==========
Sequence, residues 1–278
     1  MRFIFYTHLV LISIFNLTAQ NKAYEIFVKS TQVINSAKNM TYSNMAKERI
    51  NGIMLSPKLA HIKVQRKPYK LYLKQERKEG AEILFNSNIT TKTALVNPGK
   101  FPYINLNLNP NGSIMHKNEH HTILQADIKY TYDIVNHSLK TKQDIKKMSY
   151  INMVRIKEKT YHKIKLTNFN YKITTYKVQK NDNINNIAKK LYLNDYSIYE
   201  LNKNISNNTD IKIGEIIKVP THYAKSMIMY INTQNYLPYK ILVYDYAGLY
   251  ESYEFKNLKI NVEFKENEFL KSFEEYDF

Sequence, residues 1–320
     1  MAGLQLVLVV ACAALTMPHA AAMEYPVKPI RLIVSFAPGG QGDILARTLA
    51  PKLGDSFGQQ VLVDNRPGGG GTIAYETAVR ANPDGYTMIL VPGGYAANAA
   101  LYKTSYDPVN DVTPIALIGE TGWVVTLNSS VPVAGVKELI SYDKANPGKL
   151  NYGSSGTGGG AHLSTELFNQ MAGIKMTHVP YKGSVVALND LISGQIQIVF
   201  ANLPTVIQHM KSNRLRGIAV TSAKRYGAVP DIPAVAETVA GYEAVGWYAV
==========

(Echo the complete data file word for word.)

Sequence, residues 1–278
     1  MRFIFYTHLV LISIFNLTAQ NKAYEIFVKS TQVINSAKNM TYSNMAKERI
    51  NGIMLSPKLA HIKVQRKPYK LYLKQERKEG AEILFNSNIT TKTALVNPGK
   101  FPYINLNLNP NGSIMHKNEH HTILQADIKY TYDIVNHSLK TKQDIKKMSY
   151  INMVRIKEKT YHKIKLTNFN YKITTYKVQK NDNINNIAKK LYLNDYSIYE
   201  LNKNISNNTD IKIGEIIKVP THYAKSMIMY INTQNYLPYK ILVYDYAGLY
   251  ESYEFKNLKI NVEFKENEFL KSFEEYDF

Sequence, residues 1–320
     1  MAGLQLVLVV ACAALTMPHA AAMEYPVKPI RLIVSFAPGG QGDILARTLA
    51  PKLGDSFGQQ VLVDNRPGGG GTIAYETAVR ANPDGYTMIL VPGGYAANAA
   101  LYKTSYDPVN DVTPIALIGE TGWVVTLNSS VPVAGVKELI SYDKANPGKL
   151  NYGSSGTGGG AHLSTELFNQ MAGIKMTHVP YKGSVVALND LISGQIQIVF
   201  ANLPTVIQHM KSNRLRGIAV TSAKRYGAVP DIPAVAETVA GYEAVGWYAV